Protect Assets Before Marriage
You can protect assets such as a money, your car or home before you marry. Your assets — your separate property — can remain your separate legal assets unless you “commingle” with the separate property your new spouse.
Take Off Those Rose Colored Glasses – Protect Your Assets
If there was a 41 percent chance of winning the lottery, wouldn’t you stand in line to purchase as many tickets as possible? Yet with more than 41 percent of first marriages ending in divorce and more than 60 percent of second marriages ending in divorce, many do not make any effort to protect assets. The best time to protect assets is before you walk down the aisle. One well known form of protection for separate property assets is the Prenuptial Agreement. However, Prenuptial agreements are often contested and have clauses eliminating or limiting alimony which may not be valid if the spouse is injured or terminally ill. Therefore prior to marriage, other steps need to be taken to protect your assets.
5 Tips to Protect Assets Before Marriage
(1) – Do not commingle your prior to marriage and post marriage funds. Open new and separate savings and checking accounts to be used after marriage.
(2) – Be prepared to pay the mortgage with funds accumulated prior to marriage or from income produced by an asset acquired prior to marriage, if you and your new spouse are planning to move into a home purchased prior to marriage.
(3) – Consider placing separate property assets in an irrevocable trust. The trust will clearly define what assets were acquired prior to marriage. Also the settlor, the creator of the trust, gives control to a trustee, a third party. Consequently, creditors usually are prohibited from touching the assets of an irrevocable trust. When assets are divided in a divorce, third party creditors often seek any funds owed to them. But an irrevocable trust will not protect you from a spousal or child support claim or any federal or state tax claim. A revocable trust unlike the irrevocable trust, passes ownership when the settlor passes away. Unless there are provisions indicating what will happen in case of a divorce, the trust will be prohibited from being revoked or changed during the divorce. Only the court can determine whether the trust can be revoked or changed. This leaves open the possibility for the court to change a beneficiary to a third party creditor. However, placing your assets in a revocable trust will still clearly define which assets are your separate property in the event of a divorce.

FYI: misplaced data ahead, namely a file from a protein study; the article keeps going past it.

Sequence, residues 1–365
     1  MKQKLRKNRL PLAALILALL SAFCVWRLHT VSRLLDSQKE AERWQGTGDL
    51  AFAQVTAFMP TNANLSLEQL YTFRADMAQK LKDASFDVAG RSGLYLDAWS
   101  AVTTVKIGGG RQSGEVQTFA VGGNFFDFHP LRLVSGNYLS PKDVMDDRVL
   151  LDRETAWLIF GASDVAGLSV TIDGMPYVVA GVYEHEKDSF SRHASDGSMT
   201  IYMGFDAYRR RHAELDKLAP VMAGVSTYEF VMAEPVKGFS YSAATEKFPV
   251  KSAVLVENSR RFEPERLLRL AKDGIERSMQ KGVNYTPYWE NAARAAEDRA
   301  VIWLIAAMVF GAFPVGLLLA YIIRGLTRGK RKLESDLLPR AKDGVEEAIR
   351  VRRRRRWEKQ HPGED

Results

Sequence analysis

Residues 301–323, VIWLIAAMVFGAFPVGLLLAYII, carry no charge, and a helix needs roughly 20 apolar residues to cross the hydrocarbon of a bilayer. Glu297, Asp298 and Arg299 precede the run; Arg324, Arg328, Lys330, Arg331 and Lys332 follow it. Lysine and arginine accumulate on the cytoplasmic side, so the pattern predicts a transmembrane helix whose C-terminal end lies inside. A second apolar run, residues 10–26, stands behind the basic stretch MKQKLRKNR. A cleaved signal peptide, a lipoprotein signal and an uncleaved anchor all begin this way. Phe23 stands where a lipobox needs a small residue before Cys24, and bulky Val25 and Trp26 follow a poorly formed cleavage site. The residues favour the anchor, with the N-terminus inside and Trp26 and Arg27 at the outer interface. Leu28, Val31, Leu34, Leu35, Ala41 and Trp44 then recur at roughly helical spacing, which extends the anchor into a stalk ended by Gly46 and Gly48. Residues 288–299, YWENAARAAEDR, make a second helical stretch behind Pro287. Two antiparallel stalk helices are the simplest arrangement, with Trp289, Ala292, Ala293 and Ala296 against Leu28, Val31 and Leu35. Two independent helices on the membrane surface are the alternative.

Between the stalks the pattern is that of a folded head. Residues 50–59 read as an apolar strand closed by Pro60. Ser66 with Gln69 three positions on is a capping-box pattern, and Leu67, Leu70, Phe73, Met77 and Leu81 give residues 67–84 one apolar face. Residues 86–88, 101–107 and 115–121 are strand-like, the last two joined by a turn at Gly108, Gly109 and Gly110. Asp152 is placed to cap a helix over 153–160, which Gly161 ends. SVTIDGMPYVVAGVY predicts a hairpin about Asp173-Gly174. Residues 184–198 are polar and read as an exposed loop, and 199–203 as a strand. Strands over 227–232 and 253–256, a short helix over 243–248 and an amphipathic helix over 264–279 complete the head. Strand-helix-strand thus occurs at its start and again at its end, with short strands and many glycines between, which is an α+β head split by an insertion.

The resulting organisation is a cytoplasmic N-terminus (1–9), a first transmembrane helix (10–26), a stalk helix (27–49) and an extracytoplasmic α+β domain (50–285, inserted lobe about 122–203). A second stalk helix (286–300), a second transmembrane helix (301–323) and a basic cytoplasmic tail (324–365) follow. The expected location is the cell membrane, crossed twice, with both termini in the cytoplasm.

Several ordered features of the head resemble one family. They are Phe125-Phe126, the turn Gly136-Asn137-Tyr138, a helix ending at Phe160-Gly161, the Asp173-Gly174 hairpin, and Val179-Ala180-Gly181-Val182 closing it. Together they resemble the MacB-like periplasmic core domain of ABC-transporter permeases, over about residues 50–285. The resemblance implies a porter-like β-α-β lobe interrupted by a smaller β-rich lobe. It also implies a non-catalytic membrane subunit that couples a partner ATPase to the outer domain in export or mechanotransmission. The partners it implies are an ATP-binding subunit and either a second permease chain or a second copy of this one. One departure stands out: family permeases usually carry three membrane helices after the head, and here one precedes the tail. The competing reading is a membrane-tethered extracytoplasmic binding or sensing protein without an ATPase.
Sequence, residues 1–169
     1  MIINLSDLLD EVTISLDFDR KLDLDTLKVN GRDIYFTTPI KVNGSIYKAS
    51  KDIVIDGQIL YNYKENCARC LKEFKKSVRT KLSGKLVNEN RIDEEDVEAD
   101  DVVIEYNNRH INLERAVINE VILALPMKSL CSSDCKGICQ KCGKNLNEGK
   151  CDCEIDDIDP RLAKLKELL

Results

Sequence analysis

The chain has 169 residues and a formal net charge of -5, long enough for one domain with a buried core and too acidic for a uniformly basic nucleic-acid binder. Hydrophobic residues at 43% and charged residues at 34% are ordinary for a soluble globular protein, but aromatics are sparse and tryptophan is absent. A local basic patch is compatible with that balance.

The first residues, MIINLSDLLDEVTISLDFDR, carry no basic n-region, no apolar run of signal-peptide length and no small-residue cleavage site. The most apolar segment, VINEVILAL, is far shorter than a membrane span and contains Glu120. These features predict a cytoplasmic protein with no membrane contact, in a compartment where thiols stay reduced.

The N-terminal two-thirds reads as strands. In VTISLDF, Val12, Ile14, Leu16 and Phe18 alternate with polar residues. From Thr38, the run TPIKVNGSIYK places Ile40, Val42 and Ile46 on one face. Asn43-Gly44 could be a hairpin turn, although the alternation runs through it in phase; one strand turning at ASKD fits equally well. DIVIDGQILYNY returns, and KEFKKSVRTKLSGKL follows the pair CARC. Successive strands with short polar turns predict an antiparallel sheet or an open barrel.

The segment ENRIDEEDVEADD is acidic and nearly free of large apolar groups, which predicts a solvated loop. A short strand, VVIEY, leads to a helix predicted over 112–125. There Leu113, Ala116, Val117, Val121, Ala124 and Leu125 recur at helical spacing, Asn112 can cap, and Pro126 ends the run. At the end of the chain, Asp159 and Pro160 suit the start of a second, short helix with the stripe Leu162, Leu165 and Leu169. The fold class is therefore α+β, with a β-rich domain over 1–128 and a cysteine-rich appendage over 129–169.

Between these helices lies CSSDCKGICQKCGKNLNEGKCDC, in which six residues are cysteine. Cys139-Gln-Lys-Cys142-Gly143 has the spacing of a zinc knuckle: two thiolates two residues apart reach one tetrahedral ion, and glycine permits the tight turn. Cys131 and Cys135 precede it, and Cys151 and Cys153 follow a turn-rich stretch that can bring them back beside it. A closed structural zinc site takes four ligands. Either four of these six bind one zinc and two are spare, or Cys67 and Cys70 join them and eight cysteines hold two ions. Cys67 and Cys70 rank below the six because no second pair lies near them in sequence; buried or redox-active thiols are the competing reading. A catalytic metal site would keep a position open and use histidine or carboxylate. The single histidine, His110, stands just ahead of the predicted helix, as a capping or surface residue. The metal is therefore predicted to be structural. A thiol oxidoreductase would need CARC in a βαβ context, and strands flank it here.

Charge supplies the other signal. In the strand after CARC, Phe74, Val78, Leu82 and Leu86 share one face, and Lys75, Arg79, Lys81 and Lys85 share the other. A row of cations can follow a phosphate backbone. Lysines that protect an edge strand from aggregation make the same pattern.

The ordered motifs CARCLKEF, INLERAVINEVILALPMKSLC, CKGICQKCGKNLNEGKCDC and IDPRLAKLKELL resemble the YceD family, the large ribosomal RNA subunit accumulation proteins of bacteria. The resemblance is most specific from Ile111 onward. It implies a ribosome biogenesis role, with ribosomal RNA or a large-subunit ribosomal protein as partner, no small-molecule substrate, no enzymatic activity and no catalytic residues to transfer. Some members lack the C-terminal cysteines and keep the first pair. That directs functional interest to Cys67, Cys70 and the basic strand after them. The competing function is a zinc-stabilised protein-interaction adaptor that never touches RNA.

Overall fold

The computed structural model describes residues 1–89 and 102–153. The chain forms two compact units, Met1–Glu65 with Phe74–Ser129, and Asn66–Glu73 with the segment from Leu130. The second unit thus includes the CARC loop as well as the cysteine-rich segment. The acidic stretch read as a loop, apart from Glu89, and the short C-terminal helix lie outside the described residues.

(4) – Consider placing your assets in an offshore protection trust. This will ensure that creditors cannot touch the assets. The California courts have no jurisdiction regarding offshore trusts. Therefore, any court order allowing a creditor to have any part of the assets would have no effect.
(5) – Invest in pension plans, defined contribution plans, and in 401 (k)s. These funds cannot be touched by creditors unless the creditor is owed spousal or child support. On the other hand, distribution of IRA funds to creditors is at the discretion of the court.
Is Marriage In Your Plan?
If you are considering marriage and have considerable assets or inheritance, consider talking to Ryan Family Law Group to investigate creating a prenup or setting up finances such that inadvertent commingling does not put your separately owned assets at risk.
Is a Divorce on the Horizon?
If you own valuable assets, property or a business, your divorce filing will be more challenging. San Diego divorce attorney Paul Ryan will work closely with you and fight to get/keep your desired marital assets. He will help you organize your finances and make sure that you are set up for long-term financial success.
Ryan Family Law Group offers a free consultation to all potential San Diego divorce clients. We will go over your case details and determine if alternatives to divorce, such an annulment, are possible. You can schedule your free consultation by calling us 858-222-6600, texting us or by emailing us.